When New York City Mayor Bill de Blasio introduced James O’Neill as the next police commissioner, he said he wanted someone who could make neighborhood policing a reality and help ease the distrust that persists between officers and residents in many predominately minority communities, the New York Times reports. De Blasio and O’Neill described their visions of residents being on a first-name basis with the officers who patrol their neighborhoods and even having their cellphone numbers. The goal is that the police and neighborhoods would work together to solve percolating issues before they grow into bigger crimes.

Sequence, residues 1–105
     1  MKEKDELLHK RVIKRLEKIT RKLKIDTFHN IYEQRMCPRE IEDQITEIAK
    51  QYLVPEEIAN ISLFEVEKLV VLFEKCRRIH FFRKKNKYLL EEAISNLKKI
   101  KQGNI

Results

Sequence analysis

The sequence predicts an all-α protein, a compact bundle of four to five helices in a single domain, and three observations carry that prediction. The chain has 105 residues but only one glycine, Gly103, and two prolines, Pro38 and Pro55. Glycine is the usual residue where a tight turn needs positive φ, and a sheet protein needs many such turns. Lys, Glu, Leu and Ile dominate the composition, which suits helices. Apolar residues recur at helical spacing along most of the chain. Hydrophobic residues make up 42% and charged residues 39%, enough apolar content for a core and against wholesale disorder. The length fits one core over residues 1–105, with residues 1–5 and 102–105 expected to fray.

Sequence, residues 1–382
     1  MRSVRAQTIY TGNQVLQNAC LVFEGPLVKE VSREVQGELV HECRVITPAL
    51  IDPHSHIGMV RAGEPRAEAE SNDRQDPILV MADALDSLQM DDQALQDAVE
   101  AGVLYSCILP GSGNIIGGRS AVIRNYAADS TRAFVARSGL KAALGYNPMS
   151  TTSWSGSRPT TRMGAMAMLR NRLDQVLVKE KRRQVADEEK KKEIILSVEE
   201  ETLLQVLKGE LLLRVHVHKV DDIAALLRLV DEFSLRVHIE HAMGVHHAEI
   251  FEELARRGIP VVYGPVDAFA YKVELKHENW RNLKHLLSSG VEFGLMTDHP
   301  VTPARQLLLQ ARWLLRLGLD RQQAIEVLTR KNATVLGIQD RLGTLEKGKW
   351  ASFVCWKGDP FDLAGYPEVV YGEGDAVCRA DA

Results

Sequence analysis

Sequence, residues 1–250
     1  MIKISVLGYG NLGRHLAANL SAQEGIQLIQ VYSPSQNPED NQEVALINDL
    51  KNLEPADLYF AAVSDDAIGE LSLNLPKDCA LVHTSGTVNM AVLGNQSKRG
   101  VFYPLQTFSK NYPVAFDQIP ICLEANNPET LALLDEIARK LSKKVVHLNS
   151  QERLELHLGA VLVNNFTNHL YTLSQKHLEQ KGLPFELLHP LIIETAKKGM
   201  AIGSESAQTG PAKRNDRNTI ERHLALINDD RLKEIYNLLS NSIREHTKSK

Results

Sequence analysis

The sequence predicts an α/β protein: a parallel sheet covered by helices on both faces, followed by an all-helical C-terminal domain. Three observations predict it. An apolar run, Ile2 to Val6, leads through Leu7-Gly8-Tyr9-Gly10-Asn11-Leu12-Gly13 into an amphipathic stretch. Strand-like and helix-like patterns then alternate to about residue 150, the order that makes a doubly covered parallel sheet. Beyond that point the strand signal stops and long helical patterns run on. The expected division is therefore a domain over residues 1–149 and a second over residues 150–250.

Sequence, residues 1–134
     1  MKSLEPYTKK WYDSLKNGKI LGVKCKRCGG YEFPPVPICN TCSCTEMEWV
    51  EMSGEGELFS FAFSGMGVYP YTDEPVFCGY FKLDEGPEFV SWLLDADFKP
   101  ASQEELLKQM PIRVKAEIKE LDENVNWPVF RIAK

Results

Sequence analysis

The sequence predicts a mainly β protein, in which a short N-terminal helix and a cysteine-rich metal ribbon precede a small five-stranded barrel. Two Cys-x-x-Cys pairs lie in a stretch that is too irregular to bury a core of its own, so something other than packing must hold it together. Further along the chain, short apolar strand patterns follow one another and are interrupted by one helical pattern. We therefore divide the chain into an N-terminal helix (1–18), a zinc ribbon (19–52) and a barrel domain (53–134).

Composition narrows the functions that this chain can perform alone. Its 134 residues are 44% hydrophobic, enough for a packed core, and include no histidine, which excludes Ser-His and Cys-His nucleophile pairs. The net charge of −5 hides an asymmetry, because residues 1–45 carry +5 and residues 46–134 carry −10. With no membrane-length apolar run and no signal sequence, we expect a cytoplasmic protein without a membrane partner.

In Far Rockaway, where a test is under way, Councilman Donovan Richards Jr. said that in places patrolled by neighborhood coordination officers, or NCOs, “they are very effective.” While it is difficult to assess the success of the program, crimes that include murders, shootings and robberies have declined in the precincts of the pilot program compared with 2015, a drop that mirrors decreases citywide. The police department, however, has little evidence that the program has helped bridge the searing divide between officers and the public, kindled in recent years by police killings of civilians, especially black men. The department has yet to conduct a long-awaited survey meant to gauge the sentiment of residents. Leaders and activists in Far Rockaway said one reason residents may be unfamiliar with the program could be its size: Of the roughly 200 uniformed officers in the 101st Precinct, just 12 officers and a sergeant are neighborhood coordination officers.